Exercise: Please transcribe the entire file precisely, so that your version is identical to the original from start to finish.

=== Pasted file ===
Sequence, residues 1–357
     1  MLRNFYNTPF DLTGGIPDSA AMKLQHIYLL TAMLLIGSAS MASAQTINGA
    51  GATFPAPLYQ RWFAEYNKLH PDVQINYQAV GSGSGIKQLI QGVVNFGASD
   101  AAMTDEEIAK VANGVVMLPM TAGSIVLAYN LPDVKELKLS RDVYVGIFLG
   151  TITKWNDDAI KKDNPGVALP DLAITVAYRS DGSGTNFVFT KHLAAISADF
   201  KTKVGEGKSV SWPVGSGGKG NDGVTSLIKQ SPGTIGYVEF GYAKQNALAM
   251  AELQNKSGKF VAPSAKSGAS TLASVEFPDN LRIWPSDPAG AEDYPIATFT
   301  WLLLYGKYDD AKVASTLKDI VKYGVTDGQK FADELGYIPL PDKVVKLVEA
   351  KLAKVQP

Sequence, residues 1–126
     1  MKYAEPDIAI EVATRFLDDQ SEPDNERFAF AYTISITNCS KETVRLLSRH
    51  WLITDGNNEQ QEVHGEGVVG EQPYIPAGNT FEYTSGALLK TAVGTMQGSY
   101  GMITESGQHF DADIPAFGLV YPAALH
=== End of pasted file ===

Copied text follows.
Sequence, residues 1–357
     1  MLRNFYNTPF DLTGGIPDSA AMKLQHIYLL TAMLLIGSAS MASAQTINGA
    51  GATFPAPLYQ RWFAEYNKLH PDVQINYQAV GSGSGIKQLI QGVVNFGASD
   101  AAMTDEEIAK VANGVVMLPM TAGSIVLAYN LPDVKELKLS RDVYVGIFLG
   151  TITKWNDDAI KKDNPGVALP DLAITVAYRS DGSGTNFVFT KHLAAISADF
   201  KTKVGEGKSV SWPVGSGGKG NDGVTSLIKQ SPGTIGYVEF GYAKQNALAM
   251  AELQNKSGKF VAPSAKSGAS TLASVEFPDN LRIWPSDPAG AEDYPIATFT
   301  WLLLYGKYDD AKVASTLKDI VKYGVTDGQK FADELGYIPL PDKVVKLVEA
   351  KLAKVQP

Sequence, residues 1–126
     1  MKYAEPDIAI EVATRFLDDQ SEPDNERFAF AYTISITNCS KETVRLLSRH
    51  WLITDGNNEQ QEVHGEGVVG EQPYIPAGNT FEYTSGALLK TAVGTMQGSY
   101  GMITESGQHF DADIPAFGLV YPAALH